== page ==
A presentation by Nick Spitzer, Professor of Folklore and Cultural Conservation, University of New Orleans; he is also Host and Producer, American Routes Public Radio International.Local content and performance-centered analysis in folklore studies—while useful in community ethnography and documentary work—has tended to avoid addressing the historical and cultural impacts of national and global society as carried to such communities by electronic and print media, education, and economic transformation. While one can argue that sustainable small-scale, landscape-based communities require continuity of cultural resources such as traditional language and beliefs, music and dance, ritual and festival, food and architecture, and other forms, such communities can also be seen in their expressive potential to influence mainstream vernacular cultures in national, global, and cyber settings. In turn various communities show great ability to transform received culture from larger market and communicative contexts for local use. Community examples will be drawn in part from Dr. Spitzer’s long-term fieldwork and project collaborations with Louisiana Afro-Creoles. Prospects for applying linguistic concepts of creolization to understand how broader cultural vernaculars are shaped by and affect local cultures will also be examined. The role of artistic communication—understood as “authentic” by various audiences—in both intimate and large scale settings will be considered. The prospects for new works directed at the scope and theory for vernacular culture will be addressed.

Latino Culture and Politics into the 21st Century: Roundtable on Latino Literature
Earl K Long Library
Tuesday, March 8, 2005, 7:00 PM – 9:00 PM
Presented by Gabriel Gomez, Professor of Literature, University of New Orleans and Marilyn Miller, Professor of Literature, Tulane University.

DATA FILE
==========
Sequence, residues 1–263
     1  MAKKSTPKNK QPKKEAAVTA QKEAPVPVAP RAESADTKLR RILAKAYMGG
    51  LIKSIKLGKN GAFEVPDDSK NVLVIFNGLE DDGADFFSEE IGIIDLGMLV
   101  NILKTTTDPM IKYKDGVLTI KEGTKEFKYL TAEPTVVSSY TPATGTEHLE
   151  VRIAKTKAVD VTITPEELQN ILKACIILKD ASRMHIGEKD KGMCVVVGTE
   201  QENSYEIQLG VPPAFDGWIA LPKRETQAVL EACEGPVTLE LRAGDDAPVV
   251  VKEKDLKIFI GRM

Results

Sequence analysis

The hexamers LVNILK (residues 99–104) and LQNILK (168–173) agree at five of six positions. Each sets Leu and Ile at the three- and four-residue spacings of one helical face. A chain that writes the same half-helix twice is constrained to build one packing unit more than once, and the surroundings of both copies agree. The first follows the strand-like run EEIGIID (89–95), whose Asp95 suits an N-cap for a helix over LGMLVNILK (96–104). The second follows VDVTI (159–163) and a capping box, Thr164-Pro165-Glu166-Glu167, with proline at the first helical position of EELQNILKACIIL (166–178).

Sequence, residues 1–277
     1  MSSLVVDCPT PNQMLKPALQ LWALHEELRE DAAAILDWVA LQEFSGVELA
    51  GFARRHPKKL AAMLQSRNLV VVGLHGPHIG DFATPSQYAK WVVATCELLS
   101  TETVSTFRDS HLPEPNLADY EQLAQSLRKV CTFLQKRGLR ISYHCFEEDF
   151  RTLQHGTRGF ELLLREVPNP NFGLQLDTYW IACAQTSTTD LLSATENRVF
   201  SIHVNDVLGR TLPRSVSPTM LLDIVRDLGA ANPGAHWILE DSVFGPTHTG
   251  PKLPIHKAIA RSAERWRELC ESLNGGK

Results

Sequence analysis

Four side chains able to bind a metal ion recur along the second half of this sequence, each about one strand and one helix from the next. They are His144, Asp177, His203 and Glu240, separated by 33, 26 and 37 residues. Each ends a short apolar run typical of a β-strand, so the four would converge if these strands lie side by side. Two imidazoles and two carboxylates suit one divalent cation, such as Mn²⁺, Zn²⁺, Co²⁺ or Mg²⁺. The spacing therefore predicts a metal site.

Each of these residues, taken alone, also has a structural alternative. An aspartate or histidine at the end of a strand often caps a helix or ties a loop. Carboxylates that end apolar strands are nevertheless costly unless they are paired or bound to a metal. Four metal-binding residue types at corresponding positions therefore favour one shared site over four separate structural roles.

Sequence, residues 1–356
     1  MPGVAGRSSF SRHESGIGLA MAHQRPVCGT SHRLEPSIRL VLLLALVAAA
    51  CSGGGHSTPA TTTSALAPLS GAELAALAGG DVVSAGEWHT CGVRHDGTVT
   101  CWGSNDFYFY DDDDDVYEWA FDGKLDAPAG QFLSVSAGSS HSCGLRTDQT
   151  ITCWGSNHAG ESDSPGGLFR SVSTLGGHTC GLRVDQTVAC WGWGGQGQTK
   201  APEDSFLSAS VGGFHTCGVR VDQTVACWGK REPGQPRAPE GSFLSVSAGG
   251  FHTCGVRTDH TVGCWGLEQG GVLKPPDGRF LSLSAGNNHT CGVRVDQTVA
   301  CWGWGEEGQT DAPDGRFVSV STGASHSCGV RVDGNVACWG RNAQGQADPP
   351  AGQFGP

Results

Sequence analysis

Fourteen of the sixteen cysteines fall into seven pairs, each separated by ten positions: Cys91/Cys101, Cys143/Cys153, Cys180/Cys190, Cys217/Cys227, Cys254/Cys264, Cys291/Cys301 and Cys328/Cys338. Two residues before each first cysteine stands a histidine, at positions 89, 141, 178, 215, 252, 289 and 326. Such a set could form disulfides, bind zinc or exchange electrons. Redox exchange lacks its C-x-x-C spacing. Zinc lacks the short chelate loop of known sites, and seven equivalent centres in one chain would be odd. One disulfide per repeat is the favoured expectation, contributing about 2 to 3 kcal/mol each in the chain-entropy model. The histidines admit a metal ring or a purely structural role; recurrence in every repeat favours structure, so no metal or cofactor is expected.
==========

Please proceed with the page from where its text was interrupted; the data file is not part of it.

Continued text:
Disorganized Progress: Automobiles and the Making of Modern Brazil
Greenleaf Conference Room, 100A Jones Hall
Tuesday, March 8, 2005, 4:00 PM – 6:30 PM

This lecture will be presented by Dr. Joel Wolfe, who is an Associate Professor of History and Master of the Will Rice College at Rice University. He is a specialist in Brazilian history with a focus on labor and technology. Professor Wolfe is the author of the book “Working Women, Working Men: São Paulo and the Rise of Brazil’s Industrial WorkingClass, 1900-1955” (Duke University Press) and editor of “Getúlio Vargas and His Legacy,” a special issue of the Luso-Brazilian Review. He is currently completing a book about automobiles and modernity in Brazilian history. For more information, contact Chris Dunn at x5519. Co-sponsored by the Brazilian Studies Council, and the Department of Spanish and Portuguese.

Landscape change and long-term variation in bird abundance in Amazonian rainforest fragments
Alcee Fortier, Rm 301
Friday, March 4, 2005, 12:00 PM – 1:00 PM
Part of the Ecology and Evolutionary Biology Seminar Series. This lecture will be given by Dr. Philip Stouffer, Louisiana State University. Refreshments will be served prior to the talks. For more information, contact Shea Heath x 5191.

TV news and political change in Brazil: The impact of democratization on TV Globo’s journalism
Newcomb, Rm 207
Monday, February 28, 2005, 3:30 PM – 4:30 PM
This lecture will be given by Communications Candidate Mauro Pereira Porto, Visiting Professor, Tulane University; Professor, Universidade de Brasilia.

Life in the Treetops – Adventures of a Woman in Field Biology
Freeman Auditorium, Woldenburg Art Center
Thursday, February 24, 2005, 7:00 PM – 8:00 PM
Tenth Marcia Monroe Conery Lecture. Our speaker will be Dr. Margaret D. Lowman, New College of Florida, Sarasota. A reception will follow in the Woodward Way. If you would like more information about the speaker and her topic, please contact Dr. Steven Darwin at 504-862-8286. Other questions can be directed to the office at 865-5191.

The Power of Chivalric Charm: Mexican Memory, American Guilt, and the Late Nineteenth Century Border Romance
Women’s Center Lounge, 2nd floor
Monday, February 21, 2005, 5:00 PM – 6:00 PM
This lecture will be presented by English job candidate Carrie Bramen, Professor, University at Buffalo (SUNY).

En el otro lado: U.S. retirees migrating to Mexico
Newcomb, Rm 207
Monday, February 21, 2005, 3:30 PM – 4:30 PM
This lecture will be given by Communication Candidate Vivian Rojas, Assistant Professor, UT-San Antonio.

Art and Politics in Contemporary Cuba
University of New Orleans, Earl K Long Library, Rm 407
Wednesday, February 16, 2005, 7:00 PM – 9:00 PM